In her watercolors, True follows in the steps of Modernist artists in the "plein-air" tradition, most notably Victor Higgins. Higgins had been creating watercolor landscapes for years prior to Virginia's arrival in the Southwest. True was encouraged by friends to seek him out, and it is clear that their meeting had an effect on her work. This is evident in Virginia's Mountain Lake (plate 15) and New Mexico - Fall Landscape (plate 26). Higgins' dry-brush technique is echoed in the landscapes, with composition favoring shape and form over subject matter. True reflects Higgins' style in the graceful arc of the edge of a mountain lake and in the juxtaposition of the soft hues of the sky against the jagged ridges of the mountains.
True's best landscape work was not limited to watercolor sketches. In fact, two oil paintings are particularly striking. Red Cliffs (plate 21) and Rocks (plate 13) demonstrate her ability to keenly observe and depict the land. In both works, Virginia paints an impressive and impenetrable topography. Red Cliffs places a brightly illuminated and visually arresting natural form at the center of a darkly sublime vista. The eye is drawn to these central cliffs through the use of color, and by the shapes of an intricate composition. With its grand, geometric blocks of color, Rocks is reminiscent of Andrew Dasburg's style. The desolate ponderosa pines serve to emphasize the enormity of the craggy rocks in the foreground. The seemingly insurmountable rocks give way to an autumn backdrop of golden mountains and a crisp blue sky.
Virginia also expressed her affinity for the shapes of a landscape in charcoal and ink drawings. In these, she reveals sharp contrasts between light and shadow, curved and jagged edges, and open and enclosed spaces. In We Search for Horses (plate 49) and New Mexico - Pine Tree (plate 40), the monochromatic images evoke the desolation and grandeur of the vistas, and, at the same time, they convey a sense of celebration of the natural world.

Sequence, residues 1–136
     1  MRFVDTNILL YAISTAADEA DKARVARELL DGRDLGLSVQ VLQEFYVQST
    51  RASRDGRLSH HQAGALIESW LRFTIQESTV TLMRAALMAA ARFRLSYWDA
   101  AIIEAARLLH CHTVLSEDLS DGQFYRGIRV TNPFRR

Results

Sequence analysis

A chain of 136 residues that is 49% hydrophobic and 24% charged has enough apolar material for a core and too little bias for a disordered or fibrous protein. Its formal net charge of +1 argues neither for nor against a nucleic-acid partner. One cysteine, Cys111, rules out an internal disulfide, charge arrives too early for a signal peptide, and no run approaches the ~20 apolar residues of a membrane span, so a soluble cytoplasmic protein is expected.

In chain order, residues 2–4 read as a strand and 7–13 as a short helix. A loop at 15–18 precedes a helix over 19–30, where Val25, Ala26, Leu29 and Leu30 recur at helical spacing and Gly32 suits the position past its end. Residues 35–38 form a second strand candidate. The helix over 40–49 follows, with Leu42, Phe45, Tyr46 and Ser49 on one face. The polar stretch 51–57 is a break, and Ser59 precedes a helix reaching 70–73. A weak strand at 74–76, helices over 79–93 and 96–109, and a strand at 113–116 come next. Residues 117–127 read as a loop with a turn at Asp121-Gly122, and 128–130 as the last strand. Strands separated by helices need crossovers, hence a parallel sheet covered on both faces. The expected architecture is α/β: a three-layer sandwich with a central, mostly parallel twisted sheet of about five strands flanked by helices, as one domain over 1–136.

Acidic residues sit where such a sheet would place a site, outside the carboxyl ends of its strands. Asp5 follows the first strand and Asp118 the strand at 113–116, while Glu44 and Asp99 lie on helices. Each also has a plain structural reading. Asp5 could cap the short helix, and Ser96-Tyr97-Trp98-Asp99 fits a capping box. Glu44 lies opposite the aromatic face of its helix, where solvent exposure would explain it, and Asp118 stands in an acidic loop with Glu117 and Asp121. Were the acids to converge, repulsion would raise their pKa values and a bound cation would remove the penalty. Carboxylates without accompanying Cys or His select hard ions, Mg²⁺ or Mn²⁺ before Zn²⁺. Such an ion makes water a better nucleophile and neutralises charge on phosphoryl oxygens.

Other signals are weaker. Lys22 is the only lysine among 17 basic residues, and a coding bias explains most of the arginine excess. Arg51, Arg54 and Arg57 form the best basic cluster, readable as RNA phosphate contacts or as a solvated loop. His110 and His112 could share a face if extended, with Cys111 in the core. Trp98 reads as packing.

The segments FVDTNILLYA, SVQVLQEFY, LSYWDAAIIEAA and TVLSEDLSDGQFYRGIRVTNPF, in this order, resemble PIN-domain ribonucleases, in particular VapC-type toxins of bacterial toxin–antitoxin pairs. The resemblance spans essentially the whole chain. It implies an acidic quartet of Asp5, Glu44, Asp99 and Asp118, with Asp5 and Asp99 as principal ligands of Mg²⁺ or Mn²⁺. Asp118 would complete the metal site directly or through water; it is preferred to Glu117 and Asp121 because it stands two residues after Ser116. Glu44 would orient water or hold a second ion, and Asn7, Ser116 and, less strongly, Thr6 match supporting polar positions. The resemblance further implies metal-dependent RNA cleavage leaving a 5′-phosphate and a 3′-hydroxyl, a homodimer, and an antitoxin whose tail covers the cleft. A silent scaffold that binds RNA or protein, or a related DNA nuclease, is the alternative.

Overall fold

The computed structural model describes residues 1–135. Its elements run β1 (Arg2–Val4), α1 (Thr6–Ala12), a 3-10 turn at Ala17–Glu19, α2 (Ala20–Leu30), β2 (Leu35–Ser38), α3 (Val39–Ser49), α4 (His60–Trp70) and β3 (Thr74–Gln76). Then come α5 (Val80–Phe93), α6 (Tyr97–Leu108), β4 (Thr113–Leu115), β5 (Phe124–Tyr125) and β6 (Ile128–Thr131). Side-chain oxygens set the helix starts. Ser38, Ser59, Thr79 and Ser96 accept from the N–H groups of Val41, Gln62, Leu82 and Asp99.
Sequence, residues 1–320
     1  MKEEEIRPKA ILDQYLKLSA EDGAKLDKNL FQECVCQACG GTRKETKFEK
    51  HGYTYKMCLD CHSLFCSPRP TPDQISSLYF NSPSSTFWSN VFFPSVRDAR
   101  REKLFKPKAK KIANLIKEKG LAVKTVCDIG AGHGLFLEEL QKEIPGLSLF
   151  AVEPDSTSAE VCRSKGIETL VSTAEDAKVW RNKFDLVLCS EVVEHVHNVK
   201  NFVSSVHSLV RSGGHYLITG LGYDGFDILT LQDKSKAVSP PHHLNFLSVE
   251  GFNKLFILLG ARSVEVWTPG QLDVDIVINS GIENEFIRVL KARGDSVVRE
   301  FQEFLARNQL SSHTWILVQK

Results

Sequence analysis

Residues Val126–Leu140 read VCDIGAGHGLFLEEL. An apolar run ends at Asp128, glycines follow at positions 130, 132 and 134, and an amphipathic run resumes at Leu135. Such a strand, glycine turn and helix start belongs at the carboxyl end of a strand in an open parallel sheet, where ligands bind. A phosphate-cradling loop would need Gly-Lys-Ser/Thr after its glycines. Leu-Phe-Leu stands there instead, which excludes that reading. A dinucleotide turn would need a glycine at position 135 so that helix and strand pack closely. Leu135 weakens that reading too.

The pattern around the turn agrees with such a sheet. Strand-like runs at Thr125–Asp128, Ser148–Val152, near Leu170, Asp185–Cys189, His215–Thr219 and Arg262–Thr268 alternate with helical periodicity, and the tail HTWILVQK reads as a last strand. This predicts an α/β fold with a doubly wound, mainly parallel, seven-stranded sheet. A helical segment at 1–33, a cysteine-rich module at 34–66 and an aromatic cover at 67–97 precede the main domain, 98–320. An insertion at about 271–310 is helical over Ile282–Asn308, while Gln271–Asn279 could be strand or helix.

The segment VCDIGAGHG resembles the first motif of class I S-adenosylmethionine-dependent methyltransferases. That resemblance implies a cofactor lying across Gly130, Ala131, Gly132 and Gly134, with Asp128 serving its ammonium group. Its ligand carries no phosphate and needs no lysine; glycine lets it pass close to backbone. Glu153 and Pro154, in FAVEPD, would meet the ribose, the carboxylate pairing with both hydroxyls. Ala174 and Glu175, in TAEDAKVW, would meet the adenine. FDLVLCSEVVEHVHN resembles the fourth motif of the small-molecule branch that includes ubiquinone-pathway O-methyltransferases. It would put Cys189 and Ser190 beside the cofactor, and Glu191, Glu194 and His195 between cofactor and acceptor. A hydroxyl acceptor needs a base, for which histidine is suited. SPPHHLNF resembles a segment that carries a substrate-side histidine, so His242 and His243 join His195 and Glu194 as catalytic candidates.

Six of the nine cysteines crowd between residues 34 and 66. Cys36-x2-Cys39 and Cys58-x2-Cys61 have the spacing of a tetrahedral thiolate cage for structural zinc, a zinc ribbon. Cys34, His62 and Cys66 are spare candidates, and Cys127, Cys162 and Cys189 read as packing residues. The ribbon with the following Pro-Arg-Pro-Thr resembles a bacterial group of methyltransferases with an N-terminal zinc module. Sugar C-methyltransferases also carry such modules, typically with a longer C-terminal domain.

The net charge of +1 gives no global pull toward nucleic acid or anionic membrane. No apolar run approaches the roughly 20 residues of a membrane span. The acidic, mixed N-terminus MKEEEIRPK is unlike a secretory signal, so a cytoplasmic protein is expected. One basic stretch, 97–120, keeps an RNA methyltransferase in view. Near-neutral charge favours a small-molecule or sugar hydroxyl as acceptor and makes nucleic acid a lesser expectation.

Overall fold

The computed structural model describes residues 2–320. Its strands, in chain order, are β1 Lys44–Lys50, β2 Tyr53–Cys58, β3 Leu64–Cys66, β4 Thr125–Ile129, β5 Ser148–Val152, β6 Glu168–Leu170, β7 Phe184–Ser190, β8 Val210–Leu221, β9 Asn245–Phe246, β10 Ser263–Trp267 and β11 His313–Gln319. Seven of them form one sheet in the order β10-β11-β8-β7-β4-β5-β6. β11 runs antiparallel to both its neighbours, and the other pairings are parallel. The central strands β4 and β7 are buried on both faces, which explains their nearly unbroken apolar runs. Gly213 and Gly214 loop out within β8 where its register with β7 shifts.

Through cartoon-like imagery, a number of True's drawings display an ease and familiarity with the scenery. Shrine (plate 5), with its whimsical distortion of line and a foreshortening of perspective, is inviting and lighthearted. Pueblo (plate 6), executed during a visit to San Ildefonso in 1930, also makes use of a stylized and familiar effect to provide an inviting glimpse of a typical New Mexico sight - a pueblo on a non-feast day. The houses are shut to the world and the streets are empty, but somehow the viewer still feels welcomed into the scene.
Virginia's works depicting man-made structures set into the landscape reveal her take on the human condition and its relation to nature. With their illustration of structures bereft of human presence, pieces like Red Roof- Bare Tree (plate 14) and Old Mine - Ward (plate 20) remind one of the works of Nordfeldt, Bakos, and Kenneth Adams. True, however, was able to inject a feeling of intimacy and warmth into the starkness of the scenes. One senses that Virginia was able to find a pleasing "connection" wherever she was. Greenhouse (plate 33) underscores this quality through its bold, exuberant use of color and form. The jungle of plants dominant in the foreground, paired with the landscape paintings tacked on the wall make for an ironic contrast with the empty exterior scene viewed through the window. Nature is brought indoors -- not just the plants, but also the bright sunlight that illuminates the interior scene. Despite their contrasts, and the man-made repositioning of the natural world, the two spaces, inside and out, are somehow seamless; and both are cheerful and inviting.